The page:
“This is definitely the right way,” said Olive. “And stop complaining, Ranald. I’m not going to warn you again.”

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Ranald was silenced, but, some twenty minutes later, as they found themselves surrounded by large clumps of gorse on a sharply-rising section of hillside, he whispered to Bertie, “I think we’re lost, Bertie. I can’t see any path here, can you?”

Bertie shook his head.

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“Olive says she knows where we are,” Ranald continued. “But I don’t think she does.”

“She’s really stupid,” muttered Rab. “I’ve met some stupid people in my life, but she’s one of the stupidest.”

“I want to go home,” said Hamish, the other boy from Lanark. He sounded miserable. “I dinnae want to be here. I dinnae. If there’s mist, then we could walk off the edge of a cliff. That happens, you know. There are loads of people who walk off cliffs in the mist.”

“We shouldn’t have come by ourselves,” said Ranald Braveheart Macpherson. “Miss Summers was meant to be with us. Now we haven’t got an adult. You can’t climb mountains without an adult. We should go back.”

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Olive overheard this. “Go back, Ranald Braveheart Macpherson? Is that all you can say? Go back?”

“Yes,” said Pansy. “Go back? Who said anything about going back?”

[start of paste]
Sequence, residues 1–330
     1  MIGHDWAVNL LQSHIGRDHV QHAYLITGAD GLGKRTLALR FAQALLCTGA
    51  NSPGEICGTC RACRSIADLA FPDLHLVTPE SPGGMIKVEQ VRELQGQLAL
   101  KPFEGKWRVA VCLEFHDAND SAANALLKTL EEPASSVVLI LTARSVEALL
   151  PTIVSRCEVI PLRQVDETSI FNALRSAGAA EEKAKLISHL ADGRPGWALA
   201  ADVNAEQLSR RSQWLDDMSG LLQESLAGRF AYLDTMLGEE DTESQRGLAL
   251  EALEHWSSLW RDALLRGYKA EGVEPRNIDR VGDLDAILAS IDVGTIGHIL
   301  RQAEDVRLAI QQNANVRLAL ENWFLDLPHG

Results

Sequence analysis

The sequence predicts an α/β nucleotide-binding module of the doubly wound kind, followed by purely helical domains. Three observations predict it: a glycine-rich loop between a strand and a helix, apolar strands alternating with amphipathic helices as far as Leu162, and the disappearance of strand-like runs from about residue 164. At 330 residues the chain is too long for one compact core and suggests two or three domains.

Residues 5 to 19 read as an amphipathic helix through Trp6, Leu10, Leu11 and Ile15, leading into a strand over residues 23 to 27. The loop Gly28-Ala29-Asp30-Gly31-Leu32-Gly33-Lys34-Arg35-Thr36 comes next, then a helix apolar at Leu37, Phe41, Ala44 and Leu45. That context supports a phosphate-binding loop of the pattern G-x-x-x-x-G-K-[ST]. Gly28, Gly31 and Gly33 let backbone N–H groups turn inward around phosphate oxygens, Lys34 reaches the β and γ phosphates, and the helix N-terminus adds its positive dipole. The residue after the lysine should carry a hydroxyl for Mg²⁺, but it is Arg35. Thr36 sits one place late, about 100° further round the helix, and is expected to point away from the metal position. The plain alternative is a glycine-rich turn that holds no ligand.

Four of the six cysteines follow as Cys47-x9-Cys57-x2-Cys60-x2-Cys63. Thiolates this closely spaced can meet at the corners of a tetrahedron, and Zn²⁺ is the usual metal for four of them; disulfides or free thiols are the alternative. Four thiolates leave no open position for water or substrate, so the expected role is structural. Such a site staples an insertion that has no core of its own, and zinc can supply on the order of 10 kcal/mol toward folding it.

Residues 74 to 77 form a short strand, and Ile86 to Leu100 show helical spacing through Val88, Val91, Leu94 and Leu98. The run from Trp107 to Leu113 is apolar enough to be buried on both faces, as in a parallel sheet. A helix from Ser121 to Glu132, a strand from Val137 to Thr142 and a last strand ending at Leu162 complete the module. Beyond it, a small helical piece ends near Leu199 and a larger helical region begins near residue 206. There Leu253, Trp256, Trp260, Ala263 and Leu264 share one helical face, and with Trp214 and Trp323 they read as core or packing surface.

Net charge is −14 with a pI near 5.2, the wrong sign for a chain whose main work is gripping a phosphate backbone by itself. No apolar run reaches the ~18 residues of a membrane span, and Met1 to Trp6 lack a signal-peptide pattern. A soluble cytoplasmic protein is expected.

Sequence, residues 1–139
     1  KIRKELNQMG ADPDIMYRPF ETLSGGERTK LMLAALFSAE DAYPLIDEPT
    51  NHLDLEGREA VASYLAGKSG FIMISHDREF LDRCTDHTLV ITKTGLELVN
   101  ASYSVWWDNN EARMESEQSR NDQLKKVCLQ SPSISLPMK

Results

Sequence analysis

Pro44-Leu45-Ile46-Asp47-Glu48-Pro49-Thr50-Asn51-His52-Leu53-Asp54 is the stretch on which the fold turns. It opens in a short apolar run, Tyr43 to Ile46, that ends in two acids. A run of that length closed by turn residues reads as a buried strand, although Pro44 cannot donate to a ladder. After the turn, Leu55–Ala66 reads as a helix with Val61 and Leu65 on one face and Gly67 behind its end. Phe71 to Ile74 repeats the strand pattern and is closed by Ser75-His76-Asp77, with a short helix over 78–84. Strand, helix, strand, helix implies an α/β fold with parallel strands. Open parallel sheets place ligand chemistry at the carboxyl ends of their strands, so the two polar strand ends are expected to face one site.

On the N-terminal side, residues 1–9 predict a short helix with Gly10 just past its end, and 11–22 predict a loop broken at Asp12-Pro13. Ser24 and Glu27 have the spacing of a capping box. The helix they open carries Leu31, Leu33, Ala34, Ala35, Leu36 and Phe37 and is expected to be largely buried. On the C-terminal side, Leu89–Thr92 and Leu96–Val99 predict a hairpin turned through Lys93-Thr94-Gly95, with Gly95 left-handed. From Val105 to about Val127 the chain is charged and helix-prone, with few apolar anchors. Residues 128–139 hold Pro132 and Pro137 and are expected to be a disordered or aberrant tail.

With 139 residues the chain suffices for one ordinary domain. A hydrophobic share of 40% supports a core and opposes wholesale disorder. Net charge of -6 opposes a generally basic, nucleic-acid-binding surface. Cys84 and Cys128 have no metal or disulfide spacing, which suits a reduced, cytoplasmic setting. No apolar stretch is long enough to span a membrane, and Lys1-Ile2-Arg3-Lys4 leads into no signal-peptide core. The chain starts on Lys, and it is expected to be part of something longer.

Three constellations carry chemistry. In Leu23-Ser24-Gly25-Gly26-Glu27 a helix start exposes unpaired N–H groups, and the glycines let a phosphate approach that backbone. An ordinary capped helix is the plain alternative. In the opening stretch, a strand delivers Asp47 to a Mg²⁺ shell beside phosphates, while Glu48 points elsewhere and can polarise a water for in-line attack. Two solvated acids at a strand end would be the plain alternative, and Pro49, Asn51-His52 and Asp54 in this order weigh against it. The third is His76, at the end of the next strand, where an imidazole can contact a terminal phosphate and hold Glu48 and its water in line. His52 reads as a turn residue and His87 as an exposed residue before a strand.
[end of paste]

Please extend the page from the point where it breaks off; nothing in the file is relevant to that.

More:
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They stood for a moment. Earlier mentions of mist now seemed prescient, as a low bank of white seemed to be rolling towards them, already obscuring the low ground to the east. Bertie glanced at this nervously, and nudged Ranald to draw his attention to it. Seeing it, Hamish began to cry, ignoring the withering looks this sign of distress elicited from Olive and Pansy.

“Is that what you do in Lanark?” asked Olive. “Cry? Is that what you do there?”

“Wherever Lanark is,” added Pansy scornfully.

“Please don’t be mean to Hamish,” Bertie asked mildly. “Maybe he’s frightened because we don’t know where we are.”

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“Because you can’t read that stupid map,” said Ranald Braveheart Macpherson, suddenly emboldened.

Olive opened her mouth to deal with this latest insurrection, when a shout merged from the hillside below. This was followed by another shout, and then the shrill blast of a whistle. Then, suddenly coming into sight, Miss Summers and two young men could be seen running towards them.

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“Thank heavens!” exclaimed Miss Summers as she reached the party of youthful hikers. Then, in a more scolding tone, “Why did you set off by yourselves? Whose idea was that?”

Swiftly, and in such a way as to be undetected by others, Olive slipped the folded map into Bertie’s hands. “Please, Miss Summers,” she said. “It was Bertie’s – wasn’t it, Pansy?”

Pansy hesitated only for a second or two. Then she said, “Yes, it was.”

Miss Summers turned to Bertie. “You should never do that sort of thing, Bertie. The hills can be dangerous. Never forget that.”

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Bertie said nothing. There was no point. He found himself carrying the map, and there were occasions on which it would be futile to protest. Besides, Bertie was composed of goodness, and sometimes goodness means that you take the blame for things you haven’t done. You accept it. You bear it. And he had borne so much in his brief seven years that a little more would not make much difference.© Alexander McCall Smith, 2022. Love in a Time of Bertie (Scotland Street Volume 15) is in bookshops now. The Enigma of Garlic will be published in November by Polygon, price £17.99